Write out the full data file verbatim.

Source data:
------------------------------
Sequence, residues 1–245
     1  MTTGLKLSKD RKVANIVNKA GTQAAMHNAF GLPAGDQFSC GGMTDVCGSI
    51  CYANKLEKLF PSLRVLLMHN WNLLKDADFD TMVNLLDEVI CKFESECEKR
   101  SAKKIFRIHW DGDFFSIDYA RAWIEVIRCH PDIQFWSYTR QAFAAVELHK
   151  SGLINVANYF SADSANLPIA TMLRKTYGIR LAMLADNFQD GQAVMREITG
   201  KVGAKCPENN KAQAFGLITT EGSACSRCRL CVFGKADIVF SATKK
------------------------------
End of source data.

Sequence, residues 1–245
     1  MTTGLKLSKD RKVANIVNKA GTQAAMHNAF GLPAGDQFSC GGMTDVCGSI
    51  CYANKLEKLF PSLRVLLMHN WNLLKDADFD TMVNLLDEVI CKFESECEKR
   101  SAKKIFRIHW DGDFFSIDYA RAWIEVIRCH PDIQFWSYTR QAFAAVELHK
   151  SGLINVANYF SADSANLPIA TMLRKTYGIR LAMLADNFQD GQAVMREITG
   201  KVGAKCPENN KAQAFGLITT EGSACSRCRL CVFGKADIVF SATKK